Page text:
Barnet Ensign Ross Ful-Vue II
|Manufacturer||:||Barnet Ensign Ross|
|Body Type||:||Pseudo Twin Lens Reflex|
|Image Size||:||2¼ x 2¼ in|
|No. of Images||:||12|
|Focal Range||:||2m - inf.|
|Shutter Speeds||:||I*(1/40 sec), B|
|Size (w x h x d)||:||80 x 102 x 108 mm|
|* Measured on this camera|
Art Deco Credentials
Noteworthy: Worth giving special attention
- Produced after the main Art Deco period.
- Streamlined rounded corners.
- Bakelite lens plate
- Pressed steel body, cast viewfinder.
- Chrome embellishments.
- Shows a symmetrical front aspect.
Often referred to as Art Deco, this camera sits better in the Streamline Moderne category. Streamline Moderne is a late type of the Art Deco design style that emerged in the 1930s in America and continued into the 1940s. The style emphasized curving forms. The camera embraced the principals of streamlining as suggested by the American designer Harold van Doren in his book 'Streamlining in Industrial Design' of 1940. The original camera having this style was produced in 1946 for the 'Britain Can Make It' exhibition that was held at the Victoria and Albert Museum. A 'flash' model was brought out in 1950. In 1953 Ensign introduced coloured versions of the camera in red, blue and gold to mark the Coronation celebrations.
You can't help but notice the large viewfinder on the top of the camera - hence the name Ful-Vue. The viewfinder is easy to use and is exceptionally bright. The camera can be described as a pseudo twin lens reflex camera. It isn't a true TLR because the top lens is just part of the viewfinder and does not aid focussing. The film transport system is removed from the side when a knob is turned to release it on the other side of the camera. A knob is used to advance the film and proper framing is acheived by the use of a red window on the rear of the camera. Focus is achieved by turning the lens bezel on the front of the camera and the focus range is from 2ft to Infinity. A tripod mount is found on the base.
Shutter speed is fixed at about 1/40s with the aperture fixed at f/11. The shutter is released by pushing a lever below the lens upward. A switch provides for 'bulb' shutter mode. There is a flash synchronisation terminal on the front which was a new addition to the 1950s model.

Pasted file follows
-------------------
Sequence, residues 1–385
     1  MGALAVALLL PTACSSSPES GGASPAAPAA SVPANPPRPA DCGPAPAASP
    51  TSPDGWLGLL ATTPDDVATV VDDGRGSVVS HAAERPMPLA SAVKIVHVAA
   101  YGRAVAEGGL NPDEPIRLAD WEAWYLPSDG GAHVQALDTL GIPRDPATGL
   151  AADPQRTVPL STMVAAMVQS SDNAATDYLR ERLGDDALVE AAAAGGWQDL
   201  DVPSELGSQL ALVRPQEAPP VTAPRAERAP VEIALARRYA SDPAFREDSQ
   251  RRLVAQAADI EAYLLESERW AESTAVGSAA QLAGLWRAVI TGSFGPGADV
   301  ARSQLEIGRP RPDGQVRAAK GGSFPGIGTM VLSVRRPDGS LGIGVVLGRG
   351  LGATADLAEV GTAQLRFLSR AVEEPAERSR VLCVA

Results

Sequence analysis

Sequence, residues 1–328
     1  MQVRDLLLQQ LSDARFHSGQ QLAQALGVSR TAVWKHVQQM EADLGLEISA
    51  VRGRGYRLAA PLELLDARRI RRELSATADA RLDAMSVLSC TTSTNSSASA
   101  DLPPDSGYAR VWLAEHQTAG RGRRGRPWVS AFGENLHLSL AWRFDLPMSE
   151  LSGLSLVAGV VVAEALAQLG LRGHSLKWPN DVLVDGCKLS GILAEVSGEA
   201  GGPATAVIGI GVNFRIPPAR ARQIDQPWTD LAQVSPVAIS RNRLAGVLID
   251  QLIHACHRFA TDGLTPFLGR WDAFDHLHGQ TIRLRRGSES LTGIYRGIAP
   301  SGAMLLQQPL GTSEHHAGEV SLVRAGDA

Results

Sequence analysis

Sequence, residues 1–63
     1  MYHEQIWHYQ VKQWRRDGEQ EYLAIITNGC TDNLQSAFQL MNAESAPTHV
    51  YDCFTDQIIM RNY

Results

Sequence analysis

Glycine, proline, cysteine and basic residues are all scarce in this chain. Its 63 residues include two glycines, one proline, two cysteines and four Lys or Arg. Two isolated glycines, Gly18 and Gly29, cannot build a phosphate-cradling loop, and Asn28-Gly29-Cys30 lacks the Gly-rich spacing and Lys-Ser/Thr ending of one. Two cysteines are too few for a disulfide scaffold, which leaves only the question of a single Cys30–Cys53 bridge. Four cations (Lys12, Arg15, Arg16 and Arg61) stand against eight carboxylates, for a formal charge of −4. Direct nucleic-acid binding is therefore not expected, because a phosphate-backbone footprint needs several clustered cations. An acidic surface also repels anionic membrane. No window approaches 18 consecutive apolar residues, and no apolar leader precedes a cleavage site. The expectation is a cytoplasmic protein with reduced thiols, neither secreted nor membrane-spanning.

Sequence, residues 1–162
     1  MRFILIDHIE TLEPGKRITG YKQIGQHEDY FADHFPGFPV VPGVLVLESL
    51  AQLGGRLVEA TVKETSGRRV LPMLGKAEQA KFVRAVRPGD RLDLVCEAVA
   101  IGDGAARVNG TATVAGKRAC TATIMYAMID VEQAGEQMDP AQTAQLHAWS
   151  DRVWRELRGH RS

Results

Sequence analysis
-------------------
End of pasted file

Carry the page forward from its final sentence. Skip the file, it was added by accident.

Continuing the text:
How to Use
See Instruction Manual for the original camera is found here : https://www.butkus.org/chinon/ful-vue/ful-vue_guide.htm. The main difference to this camera is the focussing and the flash terminals. This camera takes 120 film which is easily available from photographic outlets or on-line.
If you don't want to bother with an exposure meter, follow the guide shown. It is based on the 'Sunny 16' rule. Film is so forgiving and will produce acceptable results even when overexposed by 2 or 3 stops or underexposed by 1 stop.
Remember that the exposure guide in the camera user manual may not be helpful as it is based on the use of old film with a low ISO value.
The tables assume that the sun is at least 30 degrees above the horizon - that's 10am - 5pm on a summer's day (May-August) in the UK.
This camera has an f/11 aperture and a shutter speed of about 1/40s
The slow shutter speed means that you need to hold this camera steady when taking photographs.
Using ISO 100/125 film - shutter speed 1/40s
|Weather Conditions||Shadow Detail||Aperture||Exposure|
with sharp edges
|Slight Overcast||Soft around edges||f/11||+1 Stops|
|Heavy Overcast||None||f/11||-1 Stop|